After University I didn’t feel quite ready to get into 9-5 full time employment in the ‘real world’ so decided I quite liked the idea of doing a ski season. I’ve skied since I was six years old and after having returned from two University ski trips (which were absolutely crazy!), I wasn’t ready to let go of being in the bubble with fellow young like-minded people and partying in the mountains. So there it was – I had a direction – to the slopes I went. It wasn’t easy getting a job mind you as it is quite competitive but after applying to a good few dozen, I ended up with a bar job in Chamonix with Mark Warner!
So off my boyfriend and I went.. to the mountains! I had the best. time. ever. doing my ski season in Chamonix – it was a great stepping stone from University life to work life. I worked super hard and worked long hours but I met so many fantastic people, I loved waking up in the mountains each day and I really developed my French A Level skills. I’d like to say I improved my skiing too… but unfortunately, that – I did not (ski season doesn’t equal automatic super ski skills).
I was there from the November of the winter season all the way to the following May so I had a good 6 month stint of living in this beautiful alpine resort. Check out all of the things that you must know if you’re heading to Chamonix for a ski season…
1. Firstly, get your season ski pass early!
If your ski pass is not included in your job package – then get it asap! Before the 30th November you can get a massive discount – after that, it goes up quite a bit so preparation prevents poor performance is key here (although too early and the offer won’t be on – check out the details here). Also another point to note is that it’s worth getting the Chamonix Unlimited pass as oppose to just Chamonix Le Pass as you’ll be limited to certain areas and whilst you’re there for a season – make the most of it (plus you don’t want to have to stay behind when all your new seasonnaire mates are off to Verbier – included in the Unlimited pass!).
2. Look at your options for accommodation.
Most likely, your accommodation will be included in your work package but subsidised in your pay cheque. If you don’t mind spending time looking and if you’ll be quite bothered about pretty rank staff ‘quarters’ then (if you’re allowed) have a browse at some other apartment options. My boyfriend and I paid upfront for the season for an apartment before getting to Chamonix. It was much nicer than the staff accommodation and it actually worked out cheaper (as I got paid a full pay cheque rather than my colleagues). If you’re heading there on your own (which most people do), you could contact other prospective colleagues (ask your future employer to put you in touch) or go on a forum to see if anyone wants to rent with you before heading there.
3. As soon as you get there – check out the pre-season deals.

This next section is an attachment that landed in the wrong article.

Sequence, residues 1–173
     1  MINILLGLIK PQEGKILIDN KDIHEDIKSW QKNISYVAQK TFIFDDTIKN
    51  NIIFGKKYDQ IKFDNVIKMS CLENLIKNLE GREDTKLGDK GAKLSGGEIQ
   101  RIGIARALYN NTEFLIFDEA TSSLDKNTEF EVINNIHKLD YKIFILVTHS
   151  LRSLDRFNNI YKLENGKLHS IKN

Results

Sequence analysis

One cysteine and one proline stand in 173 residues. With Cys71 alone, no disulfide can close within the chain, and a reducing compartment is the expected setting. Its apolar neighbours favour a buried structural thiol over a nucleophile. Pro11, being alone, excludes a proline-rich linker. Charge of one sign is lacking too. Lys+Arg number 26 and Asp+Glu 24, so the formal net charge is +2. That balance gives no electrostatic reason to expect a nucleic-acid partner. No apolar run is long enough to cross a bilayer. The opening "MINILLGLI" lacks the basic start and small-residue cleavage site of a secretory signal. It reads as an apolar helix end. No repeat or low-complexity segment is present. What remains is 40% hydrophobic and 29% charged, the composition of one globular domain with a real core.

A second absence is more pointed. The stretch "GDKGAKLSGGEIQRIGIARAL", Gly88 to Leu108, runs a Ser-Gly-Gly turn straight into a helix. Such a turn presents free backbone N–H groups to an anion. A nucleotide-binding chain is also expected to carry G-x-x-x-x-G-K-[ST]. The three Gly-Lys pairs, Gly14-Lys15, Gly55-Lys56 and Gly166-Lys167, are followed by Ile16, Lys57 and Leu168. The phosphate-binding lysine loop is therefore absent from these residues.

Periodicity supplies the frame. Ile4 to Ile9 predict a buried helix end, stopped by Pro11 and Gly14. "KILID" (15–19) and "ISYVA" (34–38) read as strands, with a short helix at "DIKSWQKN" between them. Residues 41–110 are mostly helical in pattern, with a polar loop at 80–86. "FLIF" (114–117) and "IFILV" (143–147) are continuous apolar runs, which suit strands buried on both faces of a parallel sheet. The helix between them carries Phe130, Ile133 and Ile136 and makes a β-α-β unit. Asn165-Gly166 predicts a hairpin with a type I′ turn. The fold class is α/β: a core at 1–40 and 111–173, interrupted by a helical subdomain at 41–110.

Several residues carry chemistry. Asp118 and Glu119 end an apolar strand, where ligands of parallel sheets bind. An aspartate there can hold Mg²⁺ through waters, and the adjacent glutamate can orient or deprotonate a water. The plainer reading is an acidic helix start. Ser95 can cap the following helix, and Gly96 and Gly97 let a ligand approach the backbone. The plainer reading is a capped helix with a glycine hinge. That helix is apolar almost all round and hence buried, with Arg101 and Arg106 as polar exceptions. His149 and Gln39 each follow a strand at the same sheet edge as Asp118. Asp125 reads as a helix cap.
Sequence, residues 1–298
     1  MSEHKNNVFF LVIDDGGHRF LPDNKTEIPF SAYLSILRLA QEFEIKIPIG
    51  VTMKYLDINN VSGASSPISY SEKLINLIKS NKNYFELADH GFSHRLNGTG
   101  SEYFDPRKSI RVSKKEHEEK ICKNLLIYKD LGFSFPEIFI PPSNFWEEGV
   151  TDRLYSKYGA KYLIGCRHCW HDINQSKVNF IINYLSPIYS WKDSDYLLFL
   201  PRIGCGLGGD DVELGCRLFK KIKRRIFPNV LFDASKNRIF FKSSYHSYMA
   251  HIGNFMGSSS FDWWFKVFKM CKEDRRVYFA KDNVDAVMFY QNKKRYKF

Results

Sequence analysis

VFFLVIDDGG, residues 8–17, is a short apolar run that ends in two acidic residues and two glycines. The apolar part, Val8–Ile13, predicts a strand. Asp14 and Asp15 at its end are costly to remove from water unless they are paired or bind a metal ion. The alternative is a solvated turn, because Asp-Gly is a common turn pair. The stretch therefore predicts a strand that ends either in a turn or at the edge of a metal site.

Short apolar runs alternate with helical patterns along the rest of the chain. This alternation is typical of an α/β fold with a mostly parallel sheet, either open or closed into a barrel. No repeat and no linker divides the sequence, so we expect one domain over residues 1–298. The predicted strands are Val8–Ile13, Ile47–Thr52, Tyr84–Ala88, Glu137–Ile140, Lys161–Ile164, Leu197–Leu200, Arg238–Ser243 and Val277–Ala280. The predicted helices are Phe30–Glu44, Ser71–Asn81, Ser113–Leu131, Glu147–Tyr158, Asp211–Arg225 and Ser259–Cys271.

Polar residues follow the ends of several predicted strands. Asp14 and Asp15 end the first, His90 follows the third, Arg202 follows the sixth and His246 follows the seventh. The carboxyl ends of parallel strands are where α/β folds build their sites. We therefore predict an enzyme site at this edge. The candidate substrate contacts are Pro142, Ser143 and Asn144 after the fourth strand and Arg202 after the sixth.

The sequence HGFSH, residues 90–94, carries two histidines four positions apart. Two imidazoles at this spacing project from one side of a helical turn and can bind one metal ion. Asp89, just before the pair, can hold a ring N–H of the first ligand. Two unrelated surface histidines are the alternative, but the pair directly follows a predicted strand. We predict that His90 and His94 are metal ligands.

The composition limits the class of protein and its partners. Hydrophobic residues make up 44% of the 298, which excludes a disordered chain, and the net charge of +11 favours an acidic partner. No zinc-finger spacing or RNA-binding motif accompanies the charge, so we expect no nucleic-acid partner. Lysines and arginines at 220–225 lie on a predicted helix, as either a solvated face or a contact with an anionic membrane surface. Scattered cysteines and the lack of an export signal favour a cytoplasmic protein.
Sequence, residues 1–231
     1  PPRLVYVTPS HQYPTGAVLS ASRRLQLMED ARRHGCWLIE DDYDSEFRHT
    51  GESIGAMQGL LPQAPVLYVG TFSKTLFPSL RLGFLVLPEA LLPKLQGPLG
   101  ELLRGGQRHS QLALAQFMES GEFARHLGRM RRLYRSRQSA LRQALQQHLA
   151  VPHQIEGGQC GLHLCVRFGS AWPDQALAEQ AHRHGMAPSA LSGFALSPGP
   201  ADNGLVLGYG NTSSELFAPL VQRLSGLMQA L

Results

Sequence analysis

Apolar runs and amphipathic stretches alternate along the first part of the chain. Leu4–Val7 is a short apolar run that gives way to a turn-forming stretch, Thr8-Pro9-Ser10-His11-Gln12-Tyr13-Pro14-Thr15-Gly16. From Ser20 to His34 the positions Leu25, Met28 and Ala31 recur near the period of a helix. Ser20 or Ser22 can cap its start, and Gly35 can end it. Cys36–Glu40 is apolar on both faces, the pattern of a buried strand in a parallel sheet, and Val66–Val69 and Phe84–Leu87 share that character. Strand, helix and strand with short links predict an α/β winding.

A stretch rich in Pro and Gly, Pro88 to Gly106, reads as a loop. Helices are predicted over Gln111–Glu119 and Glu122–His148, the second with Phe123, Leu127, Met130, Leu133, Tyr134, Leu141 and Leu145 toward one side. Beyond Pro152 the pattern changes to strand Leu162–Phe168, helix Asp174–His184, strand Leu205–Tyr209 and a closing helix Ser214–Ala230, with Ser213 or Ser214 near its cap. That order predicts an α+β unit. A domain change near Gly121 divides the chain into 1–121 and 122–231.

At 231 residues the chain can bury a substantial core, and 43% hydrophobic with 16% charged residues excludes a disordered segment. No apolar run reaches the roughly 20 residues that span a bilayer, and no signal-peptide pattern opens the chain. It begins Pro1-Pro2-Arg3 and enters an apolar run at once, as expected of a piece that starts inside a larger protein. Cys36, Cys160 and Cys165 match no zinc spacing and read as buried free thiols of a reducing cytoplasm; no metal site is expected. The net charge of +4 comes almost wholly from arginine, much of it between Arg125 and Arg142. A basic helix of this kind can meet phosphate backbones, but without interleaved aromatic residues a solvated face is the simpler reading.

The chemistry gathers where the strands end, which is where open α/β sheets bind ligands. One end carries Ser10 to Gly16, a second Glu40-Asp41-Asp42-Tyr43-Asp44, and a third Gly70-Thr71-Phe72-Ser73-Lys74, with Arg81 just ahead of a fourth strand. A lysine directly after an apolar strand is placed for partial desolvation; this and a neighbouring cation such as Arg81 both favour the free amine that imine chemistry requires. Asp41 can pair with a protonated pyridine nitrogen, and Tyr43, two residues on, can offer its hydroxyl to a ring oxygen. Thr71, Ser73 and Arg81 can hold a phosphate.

When you first get to the resort, it’s usually just the seasonnaires and locals there so it’s at this time that you make your connections, introduce yourself and get your gear. Head to the ski shops and you may be able to grab last season’s stuff for a discounted price (likewise at the end of the season – but not as useful then eh?). Let the guys know where you’re working and they may knock off a little more, get chatting and there’s your first few recognisable faces.
4. In the first few weeks – say YES to everything.
Like Uni freshers, for the first few weeks – say yes to everything. Socialise as much as possible and ski as much as possible. This is when you’ll make your mates so even if you are tired, go out as it’ll be worth it! After the first few weeks people start to drop and get tired anyway so you won’t miss out on as much as the first few weeks hype.
5. If you want to ski the Vallée Blanche – get a guide!
The Vallée Blanche, which is a 20km off-piste route on Mont Blanc, really puts Chamonix on the map. If you’re a keen adrenaline junky and ski fanatic, this one’s for you (not me) but make sure you get a guide as there are crevasse’s that you can fall down and never get back up from so it’s worth it if you want to leave Chamonix alive.
6. Save a bit of money to inter-rail post-season.
(Yes I used to have brown hair!)
Before you get there – plan to put a bit of your pay cheque away each month for post-season. If you can help it, try not to spend all your earnings on booze – I managed to save enough to travel around Europe after I had finished. A lot of people go crazy and end the season with nothing but if you’re careful, drink at happy hour and eat the staff dinners then you’ll completely reap the benefits. In May, my boyfriend and I hopped on a train (I say hopped, there was quite a lot of prior planning) and inter-railed for 3 weeks round Italy, Austria, Slovenia and Croatia then Greek Island hopped for 3 weeks. While everyone else was getting the post-season blues we were having the time of our lives so it’s absolutely worth holding back a little to then go and explore Europe!
So there you have it, some of the things to think about before heading on your season to Chamonix. Check out my next post for all the best things to do whilst you’re there!
For now, ciao x
If you haven’t got the time to do a season, but still want to ski Chamonix… check out hotels to stay in Chamonix on booking.com here.